The entire month of April is wrapped in spring. With March madness behind us and the merriment of May ahead, we feel the need to stop and appreciate our gardens in April.
Our area’s last listed frost date is April 15th. The IRS has made this easy for us to remember! Sure enough, the date has been accurate in my journal for several years, but it is always close. All was fine until April 17, 2007 when we had, not just a late frost, but a killing winter freeze. I don’t recall experiencing anything like it before.
The month of April is full of tulips, daffodils, Virginia bluebells, Youshino cherry, flowering dogwood, crabapple, candy tuff, azaleas, creeping phlox and more.
If you forced paper-white narcissus indoors over the holidays using a soil based medium, they can be planted outdoors for years of enjoyment. If you forced them in the absence of soil, they are spent; compost them!
I know it drives you crazy to see the fading leaves of the daffodil. Yes, it really is necessary to keep the green as long as possible for next year’s food.
Wait until after the last frost before planting tender annuals such as Impatiens and Petunias.
The Cross Vine trellised over my garden gate and up the side of our house is striking in April. Love, love, love this vine. This is why we put up with a ratty looking vine in the winter or at least, this is why I do. The sticks of Miss Huff Lantana left for architectural interest (or should have for the health of the plant) can probably be cut to the ground now. I usually leave mine until the new growth comes in so I can have a visual to remind me of what will come.
Now is a good time to divide Hostas. There is lots of good advice out there on the proper way to do this. I take the in-situ method; i.e. as the green appears, I take a shovel, split the plant while still in the ground, pull half of it up and move it to its new home. Works for me. But in Helen’s Haven, I no longer grow Hostas, which saddens me greatly. The one area where we can grow them is infested with voles. Trying all the usual tricks, none have worked. But I would not longer grow them there even if I didn’t have voles. This area also too dry. When I re-worked Helen’s Haven into a water-wise design, I was no longer willing to bring water to this area. Such is gardening. The real beauty in gardening is the wealth of plants available to fill any niche one door closes with one door opens. I now have a very nice display of hellebores. Hellebores provide year round greenery, flowers in the late winter (wow), are drought tolerant and poisonous to voles, so they stay clear.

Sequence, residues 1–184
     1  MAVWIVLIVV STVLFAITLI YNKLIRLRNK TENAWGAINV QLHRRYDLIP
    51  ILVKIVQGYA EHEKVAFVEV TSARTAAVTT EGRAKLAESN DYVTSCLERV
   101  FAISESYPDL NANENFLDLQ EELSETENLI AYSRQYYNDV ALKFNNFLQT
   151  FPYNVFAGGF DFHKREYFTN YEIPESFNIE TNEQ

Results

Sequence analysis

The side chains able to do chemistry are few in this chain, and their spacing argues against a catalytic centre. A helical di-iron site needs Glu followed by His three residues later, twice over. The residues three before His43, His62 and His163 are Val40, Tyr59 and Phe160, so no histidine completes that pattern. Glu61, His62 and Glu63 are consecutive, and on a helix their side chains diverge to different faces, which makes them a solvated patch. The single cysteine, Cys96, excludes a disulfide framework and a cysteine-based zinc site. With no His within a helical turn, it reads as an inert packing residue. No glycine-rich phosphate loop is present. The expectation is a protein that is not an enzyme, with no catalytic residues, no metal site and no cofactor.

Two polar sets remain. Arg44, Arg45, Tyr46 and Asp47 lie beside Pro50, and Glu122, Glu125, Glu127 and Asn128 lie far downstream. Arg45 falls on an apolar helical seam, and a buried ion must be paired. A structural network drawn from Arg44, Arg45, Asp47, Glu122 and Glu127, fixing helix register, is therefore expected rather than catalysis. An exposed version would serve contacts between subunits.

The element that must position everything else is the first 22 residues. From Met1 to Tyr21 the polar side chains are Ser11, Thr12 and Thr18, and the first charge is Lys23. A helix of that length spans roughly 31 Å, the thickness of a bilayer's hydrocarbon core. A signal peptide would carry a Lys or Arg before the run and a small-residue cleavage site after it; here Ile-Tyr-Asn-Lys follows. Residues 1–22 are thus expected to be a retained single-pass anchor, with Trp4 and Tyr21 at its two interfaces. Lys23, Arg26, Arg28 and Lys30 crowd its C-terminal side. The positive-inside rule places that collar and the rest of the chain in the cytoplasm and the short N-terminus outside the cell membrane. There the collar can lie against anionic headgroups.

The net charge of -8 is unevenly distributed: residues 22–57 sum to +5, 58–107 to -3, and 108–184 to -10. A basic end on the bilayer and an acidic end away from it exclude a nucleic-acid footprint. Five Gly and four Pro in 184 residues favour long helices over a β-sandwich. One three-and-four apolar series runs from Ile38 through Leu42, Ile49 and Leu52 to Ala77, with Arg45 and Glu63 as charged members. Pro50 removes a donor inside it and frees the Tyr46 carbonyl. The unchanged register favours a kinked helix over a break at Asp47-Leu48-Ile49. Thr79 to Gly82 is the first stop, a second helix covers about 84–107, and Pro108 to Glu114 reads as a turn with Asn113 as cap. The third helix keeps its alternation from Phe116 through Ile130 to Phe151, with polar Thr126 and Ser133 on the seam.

TREES AND SHRUBS
The time to prune azaleas is just after they bloom. In fact, a good rule of thumb is to prune most blooming shrubs right after they bloom. If you wait too long, you will cut off next years bloom.
If you have to tame forsythia, do it now. It can be cut back – as much as you need – and still have some flowers next winter.
If you got winter burn on your gardenia, just cut off the burned ends. Or, take the lazy method, which is what I do. Let the new leaves self prune the dead. The dead leaves will eventually drop off. If you see a lot of yellow leaves, test the soil and remember gardenias like acid soil! However, also remember this is part of the plant’s natural cycle. It looses leaves in the spring and then produces new growth. So be patient.
Now is good time to cut back the red-stemmed dogwood branches. The winter red color is on the new growth.
It is normal to see a large amount of Magnolia leaves shed beginning this month. Some find it messy, but if the Magnolia was left to grow properly, the leaves will fall within the drip line and should be of little consequence. By ‘grow properly’, I mean Magnolias are not meant to be limbedup. In fact helping the branches droop is encouraged. In earlier days, it was common to weigh the lower branches down with rope and bricks. By keeping a ‘skirt’ on the tree, it hides the falling leaves and makes the tree very stately from the ground up. Once the limbs are cut, there is no going back. I have friend in Burtee County. Her sister inherited a pre-civil war home with magnificent Magnolias out front. For whatever reason, she limbed them up. Now the beauty of these magnificent Magnolias has gone with the wind.
Plant herbs after the treat of the season’s final frost. Plant annual herbs such as basil, bi-annulas such as parsley, and perennial herbs such as rosemary, chives, thyme, and mint.